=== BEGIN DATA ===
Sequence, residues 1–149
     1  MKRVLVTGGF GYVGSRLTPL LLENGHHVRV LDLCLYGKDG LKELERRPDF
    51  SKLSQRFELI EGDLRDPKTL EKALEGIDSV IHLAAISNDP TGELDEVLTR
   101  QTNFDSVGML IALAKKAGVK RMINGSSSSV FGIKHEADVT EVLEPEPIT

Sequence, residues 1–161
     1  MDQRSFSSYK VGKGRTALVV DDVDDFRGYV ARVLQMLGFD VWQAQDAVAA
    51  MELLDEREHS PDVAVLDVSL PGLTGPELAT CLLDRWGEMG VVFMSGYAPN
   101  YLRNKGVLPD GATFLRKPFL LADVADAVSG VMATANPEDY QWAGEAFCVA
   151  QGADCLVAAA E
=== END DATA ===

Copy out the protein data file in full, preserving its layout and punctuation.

Sequence, residues 1–149
     1  MKRVLVTGGF GYVGSRLTPL LLENGHHVRV LDLCLYGKDG LKELERRPDF
    51  SKLSQRFELI EGDLRDPKTL EKALEGIDSV IHLAAISNDP TGELDEVLTR
   101  QTNFDSVGML IALAKKAGVK RMINGSSSSV FGIKHEADVT EVLEPEPIT

Sequence, residues 1–161
     1  MDQRSFSSYK VGKGRTALVV DDVDDFRGYV ARVLQMLGFD VWQAQDAVAA
    51  MELLDEREHS PDVAVLDVSL PGLTGPELAT CLLDRWGEMG VVFMSGYAPN
   101  YLRNKGVLPD GATFLRKPFL LADVADAVSG VMATANPEDY QWAGEAFCVA
   151  QGADCLVAAA E